The visual language of native plants (the dilly “specimen” in the test tube, the ceramic forms of coconut shell, the mangrove tendrils engraved into the wooden box), give us the familiarity we need – the visual signs of home. But the arrangement is less familiar, not unlike the experience of being Bahamian and living abroad – it is like home, but also not, the roots are here but are also elsewhere. It feels complicated perhaps, but really it needn’t be so when we consider our own mobility and duality as people. We are a people made of immigrants, and will continue to be (perhaps in spite of government declarations over time that xenophobically claim otherwise), and the frighteningly wonderful breadth of experiences that count as Bahamian are what makes this cultural identity weaving so colourful.
For Anina: “A. L. does wonders with words and I wanted to create an alternate vehicle for those words to be experienced. To do this, I considered our primary mode of communication with family at home and most times it was via voice notes or phone calls. When I first left home, Sunday was the day I would get on the phone once a week and occasionally I got mail. Now it is all digital via WhatsApp or email. To deliver the sound in a digital way made sense. Besides the materials being some of my favourites to work with, the incorporation of the wood was nod to the woodwork my father engages in, a kind of not to lineage or family.” The thought, and very constant reality of, painfully brief phone calls to the ones we love, or letters, or emails – the longing in the audio for “Seedling” (2018) speaks more to our difficulties with lack of infrastructure (particularly on family islands) for communications perhaps more than the lack associated with longing and belonging.
More than the overarching themes of displacement, home, the question of belonging was the politicized side of things as expressed by A.L., who deftly weaves in commentary on colonial patriarchal power, womanhood, rebellion and the rejection of this hegemony and dominant power. The voice recording, which chimes every hour, speaks to being taxed – by Bahamian men, by government, by perhaps more. “Honestly, I didn’t set about intentionally articulating this juxtaposition, these pains and taxations are just built into the bones of my experiences as a Bahamian who doesn’t ‘fit’ in. I struggle so often with reclaiming my own identity because of the ways I threaten or contradict the hetero-patriarchal system that exists in The Bahamas and in this work I wanted to be assertive. I wanted to write into the piece a certain insistence and encouragement to rethink what it means to be Bahamian, and I’m really happy that came alive in the audio piece.”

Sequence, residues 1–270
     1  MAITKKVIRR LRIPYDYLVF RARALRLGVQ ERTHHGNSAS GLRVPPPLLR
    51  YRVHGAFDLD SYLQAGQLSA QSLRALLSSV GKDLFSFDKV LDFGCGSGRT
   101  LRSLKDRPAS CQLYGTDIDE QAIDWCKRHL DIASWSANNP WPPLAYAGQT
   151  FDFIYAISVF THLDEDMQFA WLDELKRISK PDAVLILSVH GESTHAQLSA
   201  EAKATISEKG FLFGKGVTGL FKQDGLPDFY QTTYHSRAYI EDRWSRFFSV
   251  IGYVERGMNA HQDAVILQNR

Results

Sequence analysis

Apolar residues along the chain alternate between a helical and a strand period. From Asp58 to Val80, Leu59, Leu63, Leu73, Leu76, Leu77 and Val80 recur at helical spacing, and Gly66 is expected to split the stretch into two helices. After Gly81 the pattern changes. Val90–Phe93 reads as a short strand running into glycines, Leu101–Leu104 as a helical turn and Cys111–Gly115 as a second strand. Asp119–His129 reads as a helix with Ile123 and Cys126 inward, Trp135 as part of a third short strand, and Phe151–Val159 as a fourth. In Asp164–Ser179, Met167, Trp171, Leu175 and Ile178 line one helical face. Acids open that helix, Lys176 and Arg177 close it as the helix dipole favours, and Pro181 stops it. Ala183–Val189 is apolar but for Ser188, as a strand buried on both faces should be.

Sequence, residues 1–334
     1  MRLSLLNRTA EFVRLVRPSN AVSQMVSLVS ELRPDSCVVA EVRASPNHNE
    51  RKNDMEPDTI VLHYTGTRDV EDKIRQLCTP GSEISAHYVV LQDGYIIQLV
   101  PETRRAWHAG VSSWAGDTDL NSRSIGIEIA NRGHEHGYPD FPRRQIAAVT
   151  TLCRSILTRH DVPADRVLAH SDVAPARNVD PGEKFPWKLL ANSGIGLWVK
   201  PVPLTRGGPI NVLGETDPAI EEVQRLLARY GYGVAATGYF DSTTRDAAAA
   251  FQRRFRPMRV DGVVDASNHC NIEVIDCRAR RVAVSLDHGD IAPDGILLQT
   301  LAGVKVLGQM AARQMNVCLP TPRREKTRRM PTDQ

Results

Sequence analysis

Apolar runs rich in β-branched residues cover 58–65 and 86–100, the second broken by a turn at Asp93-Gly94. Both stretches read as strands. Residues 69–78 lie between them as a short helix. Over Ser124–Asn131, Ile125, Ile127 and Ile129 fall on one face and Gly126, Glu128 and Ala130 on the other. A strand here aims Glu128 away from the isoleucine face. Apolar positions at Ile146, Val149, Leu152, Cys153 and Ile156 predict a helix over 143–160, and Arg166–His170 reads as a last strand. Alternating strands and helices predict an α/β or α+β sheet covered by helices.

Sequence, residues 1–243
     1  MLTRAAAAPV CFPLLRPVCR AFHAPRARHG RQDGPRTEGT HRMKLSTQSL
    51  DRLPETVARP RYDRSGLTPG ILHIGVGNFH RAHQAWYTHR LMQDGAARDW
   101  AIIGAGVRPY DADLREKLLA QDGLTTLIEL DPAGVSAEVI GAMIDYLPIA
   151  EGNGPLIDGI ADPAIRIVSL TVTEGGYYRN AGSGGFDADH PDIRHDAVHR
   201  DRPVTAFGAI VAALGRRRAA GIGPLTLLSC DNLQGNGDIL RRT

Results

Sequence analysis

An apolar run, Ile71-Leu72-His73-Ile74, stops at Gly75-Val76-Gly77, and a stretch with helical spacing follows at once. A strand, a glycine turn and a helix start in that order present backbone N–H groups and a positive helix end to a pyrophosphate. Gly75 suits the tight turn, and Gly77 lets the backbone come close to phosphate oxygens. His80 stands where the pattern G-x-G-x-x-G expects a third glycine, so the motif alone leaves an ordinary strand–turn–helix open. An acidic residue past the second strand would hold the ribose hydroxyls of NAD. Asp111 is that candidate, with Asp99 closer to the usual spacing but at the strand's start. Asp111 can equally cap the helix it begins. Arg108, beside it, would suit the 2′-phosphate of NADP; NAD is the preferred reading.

The concept of home is a deeply complex one. We feel at home not just through family, but through kinship and acceptance within our communities, and moreover through legislature making us feel as though we belong as A.L. expertly narrates this journey in sound in tandem with the way that Anina visually illustrates this conundrum for us.
These parting words might help us tease at the answers a little bit more:
“Sometimes we feel we straddle two cultures; at other times, that we fall between two stools.” – Salman Rushdie, Imaginary Homelands: Essays and Criticism (1981-1991).
Perhaps the lack of belonging so many of us experience, as migrants or as misfits in our respective communities, comes from falling into the space between spaces, and more importantly, perhaps it comes from a place of choosing rather than embracing our dualities and multiplicities as people. We are Bahamians yes – but we are also a number of other things. We are Bahamians born here and raised here and moved here; we are Bahamians with parents from another land; we are Bahamians without rightful access to citizenship; we are Bahamians who are women, men and all that falls between; we are Bahamians who feel loved back by our country, and we are Bahamians who feel this place is hostile for those of us who do not fit the mold. This is but a fraction of the range of experiences we can begin to categorize and we’ve already run out of boxes – and this may be where the frustration lies; we need not turn to boxes for things they can’t hold, particularly when we’re made of uncontainable expanses of ocean, limestone and movement.